Main content

New treatment for glaucoma, Blind cricket

News, views and information for people who are blind or partially sighted. The academic researching blind cricket and how players navigate the game.

Glaucoma is a major cause of blindness throughout the world. 700,000 people are estimated to have some form of the disease in the UK alone.
It's caused by a build-up of fluid leading to high pressure in the eye and is usually treated with medication, with some patients needing repeated operations. But new technology being trialled by doctors at Manchester Royal Eye Hospital offers an alternative for patients with advanced glaucoma. We'll speak to Bernie Pedley, the first patient to try the new technology and her eye surgeon Leon Au about why the eyeWatch device is significant.

And we're on the pitch to try out blind cricket - a version of the game for visually impaired and partially sighted people. We'll speak to Ben Powis, a sociologist from Solent University in Southampton, who's done some research about how people use their senses to play the game. The Lancashire Lions have just won their regional league, and we join them at a practice session in Manchester.

Presenter: Peter White
Producer: Jess Quayle.

Available now

20 minutes

Last on

Tue 14 Aug 2018 20:40

In Touch Transcript: 14-08-2018

THE ATTACHED TRANSCRIPT WAS TYPED FROM A RECORDING AND NOT COPIED FROM AN ORIGINAL SCRIPT.  BECAUSE OF THE RISK OF MISHEARING AND THE DIFFICULTY IN SOME CASES OF IDENTIFYING INDIVIDUAL SPEAKERS, THE BBC CANNOT VOUCH FOR ITS COMPLETE ACCURACY.

 

IN TOUCH – New treatment for glaucoma, Blind cricket

TX:  14.08.2018  2040-2100

PRESENTER:          PETER WHITE

PRODUCER:            JESS QUAYLE

 

 

White

Good Evening.  Tonight: A new development in the treatment of glaucoma, which could save you from drops and even ops.  And if you don’t know your square leg from your silly mid-off how do you think blind cricketers make out? Well, pretty well by the sound of it:

 

Clip

When you feel that ball in the middle of the bat it feels very good.  When you hear it go whizzing past as well, those bearings you can hear when you hit it that hard.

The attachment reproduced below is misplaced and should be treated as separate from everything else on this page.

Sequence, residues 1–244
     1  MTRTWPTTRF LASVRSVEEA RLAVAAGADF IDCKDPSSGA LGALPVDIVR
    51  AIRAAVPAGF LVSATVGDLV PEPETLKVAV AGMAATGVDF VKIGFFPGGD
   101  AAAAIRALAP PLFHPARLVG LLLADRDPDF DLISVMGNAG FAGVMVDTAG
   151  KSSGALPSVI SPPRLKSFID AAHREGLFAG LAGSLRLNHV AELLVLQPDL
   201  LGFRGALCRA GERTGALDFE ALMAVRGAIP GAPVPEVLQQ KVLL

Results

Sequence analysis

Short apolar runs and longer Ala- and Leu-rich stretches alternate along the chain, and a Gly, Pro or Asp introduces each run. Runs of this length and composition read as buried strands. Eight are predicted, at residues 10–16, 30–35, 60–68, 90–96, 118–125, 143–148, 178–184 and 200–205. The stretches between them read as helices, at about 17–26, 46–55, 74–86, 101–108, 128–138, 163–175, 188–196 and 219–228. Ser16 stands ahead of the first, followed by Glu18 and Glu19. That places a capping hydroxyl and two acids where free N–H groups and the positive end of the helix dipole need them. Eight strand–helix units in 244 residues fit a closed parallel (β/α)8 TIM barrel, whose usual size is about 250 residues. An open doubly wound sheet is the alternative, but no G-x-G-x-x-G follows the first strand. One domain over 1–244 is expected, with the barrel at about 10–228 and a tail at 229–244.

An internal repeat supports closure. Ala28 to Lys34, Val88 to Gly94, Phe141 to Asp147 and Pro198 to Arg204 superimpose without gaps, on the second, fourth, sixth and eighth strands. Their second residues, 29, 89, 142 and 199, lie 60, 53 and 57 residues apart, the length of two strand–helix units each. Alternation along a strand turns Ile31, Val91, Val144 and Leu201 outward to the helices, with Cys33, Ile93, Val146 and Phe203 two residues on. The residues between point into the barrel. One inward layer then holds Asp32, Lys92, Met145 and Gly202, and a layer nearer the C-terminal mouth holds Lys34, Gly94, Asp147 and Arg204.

White

We’ll be meeting Amjad, some of his team-mates and the man who’s done a PhD on the game later in the programme.

 

But first, glaucoma is a major cause of blindness throughout the world.  Seven hundred thousand people are estimated to have some form of the disease in the UK alone.  But the good news is that with the right treatment, early enough, it can be controlled.  It’s caused by a build-up of fluid leading to high pressure in the eye.  It’s usually treated with medication, and some patients need repeated operations.  But now, new technology, being trialled by doctors at Manchester Royal Eye Hospital, offers an alternative for patients with advanced glaucoma.

Patients like Bernie Pedley, she’s 73, she lives in Preston and she was the first person in the UK to try out what amounts to a new drainage device, called EyeWatch. 

 

She told me how her glaucoma was diagnosed:

 

Pedley

Just by going annual check-up with the optician.  I think I was in my late 50s and said my pressure was up.  And I went the year after, still the same and then I was referred to Blackpool Victoria Hospital where they did lots of different eye drops, which I was allergic to, so I had about three different operations at Blackpool and none of them worked.

 

White

Did you have any symptoms initially?

 

Pedley

Not really, it’s a funny thing really – glaucoma – I just didn’t feel happy driving and I didn’t know why.

 

White

And you mentioned the allergies to the drops – how did they show themselves, what was the effect?

 

Pedley

The eyes were itchy and burning and swollen.

 

White

What were you told about how this might develop without treatment?

 

Pedley

If your pressures get that high, they can’t get the pressures down, your eye could haemorrhage – you’ve lost your eye.  So, you have to have the treatment what they advise to try and keep the pressures down. 

 

White

So, really quite alarming really?

 

Pedley

Oh yeah, I mean you had to take whatever they say and try everything.

 

White

Now you’ve got this EyeWatch technology, now what difference has that made?

 

Pedley

Oh, it’s brilliant, I don’t need to put anymore glaucoma drops in that eye.

 

White

Are you aware of it – what effect…

 

Pedley

No, I don’t know it’s there at all.  At the beginning, when they did it, it was painful and sore but as the days and the weeks went by it got less and now I don’t know it’s there.

 

White

How does it feel to be a first guinea pig?

 

Pedley

Ah brilliant, an old lady, I’m not an old lady, I’m fit as a fiddle.  It’s brilliant to think you’ve taken part in something like this.

 

White

The effervescent Bernie Pedley.

 

Well her eye surgeon is Leon Au.  He’s leading the Manchester trial of the EyeWatch study and he interrupted his holiday for us in Canada to tell us how the device works:

 

Au